TM Works for Social Workers
The good we secure for ourselves is precarious and uncertain until it is secured for all of us and incorporated into our common life. – Jane Addams, founder of the social work profession in the USA, recipient of the Nobel Peace Prize, activist, reformer, author, and social worker.
Those who choose social work as a career are individuals with a passion for helping others secure good lives. But often this career comes with a hefty price tag. Some say that even the training to become a social worker is difficult, complicated, and taxing. Once established in the profession, most social workers find they have an impossibly burdensome caseload, are confronted with ineffectual routine tasks, are rarely offered opportunities for advancement, and have minimal resources and support. The stress associated with these factors can rise to such a degree that one becomes debilitated—this condition is called burnout, and it can compromise our work, family, health and well-being.
The National Association of Social Workers Membership Workforce Study on coping with Stress at Work states:
Considering their experiences of insufficient time to complete day-to-day work tasks, heavy workloads, poor compensation, challenging and/or difficult clients, few resources, long work hours, and unclear job expectations, it is not surprising that social workers experience work-related stress. Under these less-than-optimal work conditions, social workers are often “pushed to the limit” when trying to complete their job requirements. Over time, work-related stress can result in burnout, increased risk for work place injury, impaired performance, poor mental health, impaired cognitive functioning, decreased concentration, and health-related problems for social workers. Additionally, these issues may cause these professionals to consider a career change. Reestablishing a sense of control, mastery, and competence in one’s work situation may seem, at first glance, a daunting task. However, with strategies like regular exercise, meditation/relaxation techniques, and therapy—identified by professional social workers as useful coping tools—alleviating work stress can be an attainable goal.
Cortisol is a stress hormone best known for its involvement in the fight or flight response. Science indicates that, under stress, women produce more of it than men. (The great majority of social workers are women.) Once the production of cortisol begins, recovery is slower in women. Research shows that women’s stress levels at work remain elevated and more likely to spill over into non-work situations. When a woman feels physically, emotionally or mentally threatened, her body might create a complex cascade of stress hormones. When stress hormones are elevated long-term, the condition is known as chronic stress—which wreaks havoc, often in the form of greater insulin resistance, or weight gain, or hypertension, or full blown heart disease.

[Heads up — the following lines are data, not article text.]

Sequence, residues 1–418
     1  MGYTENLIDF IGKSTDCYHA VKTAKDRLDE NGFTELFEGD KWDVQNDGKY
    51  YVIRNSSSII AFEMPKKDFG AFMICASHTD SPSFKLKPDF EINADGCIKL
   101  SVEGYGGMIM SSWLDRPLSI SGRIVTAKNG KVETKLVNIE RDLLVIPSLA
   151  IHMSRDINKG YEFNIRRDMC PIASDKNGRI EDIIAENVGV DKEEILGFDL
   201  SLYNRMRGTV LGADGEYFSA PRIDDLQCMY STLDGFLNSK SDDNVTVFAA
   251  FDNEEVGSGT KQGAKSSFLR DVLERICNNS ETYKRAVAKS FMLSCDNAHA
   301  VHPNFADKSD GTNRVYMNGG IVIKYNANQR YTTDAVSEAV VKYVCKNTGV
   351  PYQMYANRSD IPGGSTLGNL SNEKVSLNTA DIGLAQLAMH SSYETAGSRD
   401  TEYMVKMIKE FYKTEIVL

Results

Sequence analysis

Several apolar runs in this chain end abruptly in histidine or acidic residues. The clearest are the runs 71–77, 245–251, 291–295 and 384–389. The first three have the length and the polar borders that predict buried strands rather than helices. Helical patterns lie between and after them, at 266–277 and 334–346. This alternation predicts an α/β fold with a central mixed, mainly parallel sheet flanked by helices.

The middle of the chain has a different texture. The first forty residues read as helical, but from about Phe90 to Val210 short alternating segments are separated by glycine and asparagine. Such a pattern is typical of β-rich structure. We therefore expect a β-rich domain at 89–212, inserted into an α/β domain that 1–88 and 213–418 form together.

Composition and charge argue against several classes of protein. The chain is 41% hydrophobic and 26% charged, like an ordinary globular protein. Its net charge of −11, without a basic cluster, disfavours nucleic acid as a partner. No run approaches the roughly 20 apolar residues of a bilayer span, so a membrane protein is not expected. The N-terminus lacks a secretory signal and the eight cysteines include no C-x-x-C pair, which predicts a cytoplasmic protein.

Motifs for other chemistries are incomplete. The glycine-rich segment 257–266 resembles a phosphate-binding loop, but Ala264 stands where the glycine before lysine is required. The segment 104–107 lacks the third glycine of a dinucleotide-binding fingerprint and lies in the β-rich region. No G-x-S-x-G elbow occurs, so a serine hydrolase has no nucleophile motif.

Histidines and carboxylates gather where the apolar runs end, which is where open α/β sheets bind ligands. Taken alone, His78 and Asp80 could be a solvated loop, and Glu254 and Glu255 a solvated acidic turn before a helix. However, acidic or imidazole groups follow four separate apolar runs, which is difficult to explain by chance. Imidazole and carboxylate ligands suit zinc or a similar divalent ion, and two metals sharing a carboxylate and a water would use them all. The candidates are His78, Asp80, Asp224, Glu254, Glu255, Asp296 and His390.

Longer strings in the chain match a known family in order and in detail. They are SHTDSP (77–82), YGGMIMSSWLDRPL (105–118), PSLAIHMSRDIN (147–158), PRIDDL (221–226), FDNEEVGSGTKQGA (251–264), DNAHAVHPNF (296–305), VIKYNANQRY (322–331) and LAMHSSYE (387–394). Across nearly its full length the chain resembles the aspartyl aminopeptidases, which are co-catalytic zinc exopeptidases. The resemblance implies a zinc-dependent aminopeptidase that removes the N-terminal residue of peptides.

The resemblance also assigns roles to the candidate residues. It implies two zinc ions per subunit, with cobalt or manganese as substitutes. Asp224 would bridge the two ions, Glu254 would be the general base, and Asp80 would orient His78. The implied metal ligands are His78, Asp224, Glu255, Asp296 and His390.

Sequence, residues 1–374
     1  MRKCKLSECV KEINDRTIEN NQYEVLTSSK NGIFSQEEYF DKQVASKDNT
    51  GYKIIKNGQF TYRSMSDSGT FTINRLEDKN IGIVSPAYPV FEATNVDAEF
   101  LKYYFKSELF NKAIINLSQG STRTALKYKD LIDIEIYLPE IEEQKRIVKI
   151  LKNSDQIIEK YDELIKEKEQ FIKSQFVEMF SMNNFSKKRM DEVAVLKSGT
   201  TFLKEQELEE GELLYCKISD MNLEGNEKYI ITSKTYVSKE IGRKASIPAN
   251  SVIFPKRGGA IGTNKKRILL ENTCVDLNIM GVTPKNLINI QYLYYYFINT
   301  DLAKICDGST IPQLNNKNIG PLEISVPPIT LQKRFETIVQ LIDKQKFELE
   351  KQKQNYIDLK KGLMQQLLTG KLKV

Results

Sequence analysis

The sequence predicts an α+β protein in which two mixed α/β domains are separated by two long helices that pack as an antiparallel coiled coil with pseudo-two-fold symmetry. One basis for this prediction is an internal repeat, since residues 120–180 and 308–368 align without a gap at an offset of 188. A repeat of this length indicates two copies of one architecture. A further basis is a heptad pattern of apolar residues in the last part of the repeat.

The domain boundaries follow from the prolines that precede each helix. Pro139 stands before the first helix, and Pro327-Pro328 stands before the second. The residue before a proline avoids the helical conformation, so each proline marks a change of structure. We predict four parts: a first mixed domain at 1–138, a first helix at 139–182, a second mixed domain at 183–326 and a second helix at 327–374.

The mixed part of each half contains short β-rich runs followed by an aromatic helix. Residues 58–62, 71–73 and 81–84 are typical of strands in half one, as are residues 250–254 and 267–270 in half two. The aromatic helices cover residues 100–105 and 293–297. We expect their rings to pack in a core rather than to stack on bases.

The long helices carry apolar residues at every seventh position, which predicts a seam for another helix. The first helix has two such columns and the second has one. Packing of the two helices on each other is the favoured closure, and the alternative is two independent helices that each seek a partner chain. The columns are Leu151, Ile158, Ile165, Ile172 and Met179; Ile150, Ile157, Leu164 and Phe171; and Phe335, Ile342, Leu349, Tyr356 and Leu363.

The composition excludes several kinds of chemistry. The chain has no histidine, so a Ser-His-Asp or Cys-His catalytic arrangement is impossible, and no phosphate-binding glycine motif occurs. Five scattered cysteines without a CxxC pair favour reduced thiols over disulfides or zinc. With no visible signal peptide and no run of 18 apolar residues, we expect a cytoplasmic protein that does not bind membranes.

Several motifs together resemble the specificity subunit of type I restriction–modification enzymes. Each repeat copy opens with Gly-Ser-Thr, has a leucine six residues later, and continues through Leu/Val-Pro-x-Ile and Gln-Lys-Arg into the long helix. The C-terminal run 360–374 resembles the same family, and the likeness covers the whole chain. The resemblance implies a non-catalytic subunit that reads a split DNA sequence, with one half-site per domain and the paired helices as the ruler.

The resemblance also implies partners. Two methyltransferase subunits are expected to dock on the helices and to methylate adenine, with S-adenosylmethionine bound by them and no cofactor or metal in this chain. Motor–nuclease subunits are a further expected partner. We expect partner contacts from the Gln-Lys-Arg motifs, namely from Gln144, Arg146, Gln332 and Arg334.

A social worker named Rachel in New York City, assigned to casework with children among some of Brooklyn’s poorest, most challenged families, was taunted in their neighborhood by aggressive young men who assumed her role was to remove children from their parents. She left for work feeling despondent and frightened each morning and arrived home in tears each night. She developed insomnia and depression, increasingly suspected she would never improve anyone’s circumstances due to systemic resource problems in the city, and quit. Rachel was not unique in her experience professionally or personally.
A study published by the Institute of Education Sciences called Prevalence of Secondary Traumatic Stress among Social Workers reported that social workers see increased demand for services from people who have been exposed to traumatic events including domestic violence, violent crime, terrorism and natural disasters. As a direct result of providing their services to this traumatized population, social workers can develop secondary traumatic stress (STS) and even PTSD.
The ACS-NYU Children’s Trauma Institute seeks to promote resilience and reduce secondary trauma among child welfare staff. Their participant handbook’s introduction notes that child welfare staff are first responders like fire-fighters and police officers. Social workers are often physically at-risk when they must respond to emergency situations with little information and there are significant psychological risks involved when providing services and care to abused, traumatized, or neglected families. Child welfare staff are particularly vulnerable to STS because of the vulnerable nature of their clients, the unpredictable nature of their jobs, and their relative lack of physical and psychological protection.